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Intel doesn't use pins on their processors anymore but AMD still does. Why did Intel do this and what are the benefits of having the pins on the motherboard rather than have them on the CPU like AMD?

asked Sep 15 '12 at 19:54

SuperZeoX's gravatar image

SuperZeoX
15222225


The main issue is that CPU's are very cheap to make, in most cases, the $50 chip and the $600 one will have the same chip, just binned for a lower speed, while this is common and make business sense, it also shows that the production cost of the chip is not very high, (in fact modern CPU's have gotten cheaper to make since the dies are smaller and they get a higher yield per platter.

When intel moved to having the pins on the motherboard instead of the CPU, the CPU prices did not go down, but motherboard prices went up (lower end intel boards are more expensive than lower end AMD boards)

While the pins are more protected on the motherboard, when you buy a CPU, if the packaging is abused enough to damage the pins, then the CPU is likely broken. Most cases of bent pins happen through user error when building the system.

you can also find a few cheaper motherboards with bent pins (I don't recommend it though, with modern intel chips the pins re so close together that no standard tool can be used to work on a single pin if it were to bend somewhere in the center of the socket).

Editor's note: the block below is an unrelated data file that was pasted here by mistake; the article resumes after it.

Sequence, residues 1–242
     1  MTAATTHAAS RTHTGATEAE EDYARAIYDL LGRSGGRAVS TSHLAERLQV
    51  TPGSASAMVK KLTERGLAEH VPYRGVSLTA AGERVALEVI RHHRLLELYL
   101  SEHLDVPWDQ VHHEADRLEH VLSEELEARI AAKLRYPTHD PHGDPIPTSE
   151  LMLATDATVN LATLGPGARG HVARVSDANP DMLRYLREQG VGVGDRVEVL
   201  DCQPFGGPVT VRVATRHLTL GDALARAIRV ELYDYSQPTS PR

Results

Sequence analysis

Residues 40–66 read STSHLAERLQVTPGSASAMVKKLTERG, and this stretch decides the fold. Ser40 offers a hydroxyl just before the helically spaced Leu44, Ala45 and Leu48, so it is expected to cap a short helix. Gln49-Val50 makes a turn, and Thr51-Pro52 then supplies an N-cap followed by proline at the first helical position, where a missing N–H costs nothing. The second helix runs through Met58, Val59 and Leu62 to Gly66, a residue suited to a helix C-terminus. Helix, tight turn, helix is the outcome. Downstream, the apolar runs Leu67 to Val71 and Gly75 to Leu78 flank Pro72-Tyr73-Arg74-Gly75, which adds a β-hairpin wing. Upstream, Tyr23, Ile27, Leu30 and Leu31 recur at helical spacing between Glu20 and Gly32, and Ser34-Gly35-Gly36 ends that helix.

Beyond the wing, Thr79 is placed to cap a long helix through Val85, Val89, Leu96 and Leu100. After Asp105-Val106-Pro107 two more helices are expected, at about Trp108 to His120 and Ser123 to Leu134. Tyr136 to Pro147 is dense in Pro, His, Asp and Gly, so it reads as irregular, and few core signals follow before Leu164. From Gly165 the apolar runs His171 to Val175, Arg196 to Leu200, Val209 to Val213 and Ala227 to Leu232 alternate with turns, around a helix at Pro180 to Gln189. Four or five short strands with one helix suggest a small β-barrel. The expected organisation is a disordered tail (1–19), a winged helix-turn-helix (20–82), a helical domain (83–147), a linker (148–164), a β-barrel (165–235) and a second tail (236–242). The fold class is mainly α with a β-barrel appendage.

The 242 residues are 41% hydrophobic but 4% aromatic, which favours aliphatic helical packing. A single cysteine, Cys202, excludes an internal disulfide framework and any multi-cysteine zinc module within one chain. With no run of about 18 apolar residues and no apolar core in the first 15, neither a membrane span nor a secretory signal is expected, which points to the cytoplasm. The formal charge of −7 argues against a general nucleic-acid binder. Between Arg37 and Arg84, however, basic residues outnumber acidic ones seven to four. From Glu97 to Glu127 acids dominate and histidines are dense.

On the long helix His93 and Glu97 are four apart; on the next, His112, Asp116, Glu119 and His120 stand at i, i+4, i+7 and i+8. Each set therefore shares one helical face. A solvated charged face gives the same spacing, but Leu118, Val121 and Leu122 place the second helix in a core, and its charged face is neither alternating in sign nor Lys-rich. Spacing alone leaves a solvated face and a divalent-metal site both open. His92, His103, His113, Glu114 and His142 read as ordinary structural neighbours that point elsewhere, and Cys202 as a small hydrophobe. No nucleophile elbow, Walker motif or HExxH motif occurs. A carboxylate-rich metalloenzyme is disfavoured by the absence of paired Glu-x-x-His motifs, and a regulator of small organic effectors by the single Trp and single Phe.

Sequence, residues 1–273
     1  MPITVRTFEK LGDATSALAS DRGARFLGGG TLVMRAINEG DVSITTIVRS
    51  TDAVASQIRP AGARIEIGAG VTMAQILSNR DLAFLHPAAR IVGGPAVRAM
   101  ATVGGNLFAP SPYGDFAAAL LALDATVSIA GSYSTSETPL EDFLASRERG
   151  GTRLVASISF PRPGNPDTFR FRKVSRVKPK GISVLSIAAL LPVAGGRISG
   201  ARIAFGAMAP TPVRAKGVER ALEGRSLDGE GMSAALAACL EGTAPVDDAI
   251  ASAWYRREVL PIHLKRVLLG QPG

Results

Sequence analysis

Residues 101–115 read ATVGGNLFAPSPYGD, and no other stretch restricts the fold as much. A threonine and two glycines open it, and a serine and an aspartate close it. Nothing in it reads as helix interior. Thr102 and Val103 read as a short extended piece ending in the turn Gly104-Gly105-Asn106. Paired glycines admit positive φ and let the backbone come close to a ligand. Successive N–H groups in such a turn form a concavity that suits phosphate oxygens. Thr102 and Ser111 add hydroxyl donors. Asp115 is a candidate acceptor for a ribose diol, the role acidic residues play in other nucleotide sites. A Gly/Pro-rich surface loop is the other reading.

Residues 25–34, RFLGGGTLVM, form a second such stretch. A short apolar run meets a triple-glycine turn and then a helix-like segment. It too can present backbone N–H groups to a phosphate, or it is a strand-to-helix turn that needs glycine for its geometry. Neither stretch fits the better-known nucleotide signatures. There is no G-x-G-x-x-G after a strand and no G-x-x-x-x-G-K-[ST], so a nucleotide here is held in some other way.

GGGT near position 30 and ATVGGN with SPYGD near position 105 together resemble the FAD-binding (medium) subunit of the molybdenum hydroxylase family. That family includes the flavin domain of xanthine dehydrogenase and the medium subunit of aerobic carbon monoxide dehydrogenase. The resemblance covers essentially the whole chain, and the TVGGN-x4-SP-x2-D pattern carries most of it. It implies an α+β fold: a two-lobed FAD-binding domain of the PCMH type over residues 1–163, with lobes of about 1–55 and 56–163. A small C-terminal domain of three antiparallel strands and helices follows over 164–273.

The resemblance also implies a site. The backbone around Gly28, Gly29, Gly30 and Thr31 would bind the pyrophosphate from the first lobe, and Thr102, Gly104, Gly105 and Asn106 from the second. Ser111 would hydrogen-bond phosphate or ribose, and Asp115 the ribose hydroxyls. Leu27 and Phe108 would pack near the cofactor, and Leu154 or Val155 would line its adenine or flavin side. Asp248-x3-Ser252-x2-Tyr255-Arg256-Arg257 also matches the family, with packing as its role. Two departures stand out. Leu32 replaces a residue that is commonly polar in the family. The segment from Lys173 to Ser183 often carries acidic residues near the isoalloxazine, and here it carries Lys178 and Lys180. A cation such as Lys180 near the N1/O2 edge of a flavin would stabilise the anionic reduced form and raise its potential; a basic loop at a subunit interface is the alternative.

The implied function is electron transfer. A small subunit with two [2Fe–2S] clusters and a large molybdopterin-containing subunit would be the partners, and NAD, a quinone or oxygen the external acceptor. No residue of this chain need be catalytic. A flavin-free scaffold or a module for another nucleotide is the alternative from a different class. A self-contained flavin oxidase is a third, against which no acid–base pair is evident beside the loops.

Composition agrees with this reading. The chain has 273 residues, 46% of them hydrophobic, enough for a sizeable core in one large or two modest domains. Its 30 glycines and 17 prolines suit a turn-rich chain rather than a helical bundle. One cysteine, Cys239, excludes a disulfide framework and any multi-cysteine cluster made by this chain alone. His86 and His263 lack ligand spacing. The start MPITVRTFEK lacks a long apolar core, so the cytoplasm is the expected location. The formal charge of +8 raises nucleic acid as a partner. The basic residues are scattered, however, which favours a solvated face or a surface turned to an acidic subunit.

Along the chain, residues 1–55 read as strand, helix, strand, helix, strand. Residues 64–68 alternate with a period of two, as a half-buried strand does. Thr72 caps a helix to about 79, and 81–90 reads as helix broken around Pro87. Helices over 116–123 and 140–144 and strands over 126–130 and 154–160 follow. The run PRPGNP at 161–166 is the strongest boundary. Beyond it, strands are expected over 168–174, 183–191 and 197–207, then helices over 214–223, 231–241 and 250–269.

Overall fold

answered Sep 15 '12 at 21:41

Razor512's gravatar image

Razor512
16.5k3683258

if a pin gets bent on the CPU, it is easier to fix since it is easier to manipulate the object, but on the motherboard, if any are bent, then it is nearly impossible to fix with standard tools.

I like having the pins on the CPU instead, the pins are more likely to be damaged than the socket.

answered Sep 15 '12 at 21:24

Razor512's gravatar image

Razor512
16.5k3683258

Well I also thought that depending on which CPU and mobo you get it might be cheaper to get a new mobo if the pins bend so maybe the pins on the CPU are saving you money?

(Sep 15 '12 at 21:32) SuperZeoX SuperZeoX's gravatar image

You should convert your comment to an answer. Very well explained imo.

(Sep 15 '12 at 21:54) SuperZeoX SuperZeoX's gravatar image

The only thing I can think of is that they would be protected by the socket. Sometimes processor pins get bent.

answered Sep 15 '12 at 21:27

ClosetFuturist's gravatar image

ClosetFuturist
1.9k91530

Ya i think the risk of the pins getting bent are higher when on the CPU rather than the mobo

(Sep 15 '12 at 21:33) SuperZeoX SuperZeoX's gravatar image

The only benefit I see is for the board manufacturer... if you bend a pin on the board you may have to replace the whole board vs. If you damage a pin on the chip you can easily straighten it...

answered Sep 15 '12 at 22:10

Billtopia's gravatar image

Billtopia
276125

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Asked: Sep 15 '12 at 19:54

Seen: 958 times

Last updated: Sep 16 '12 at 11:11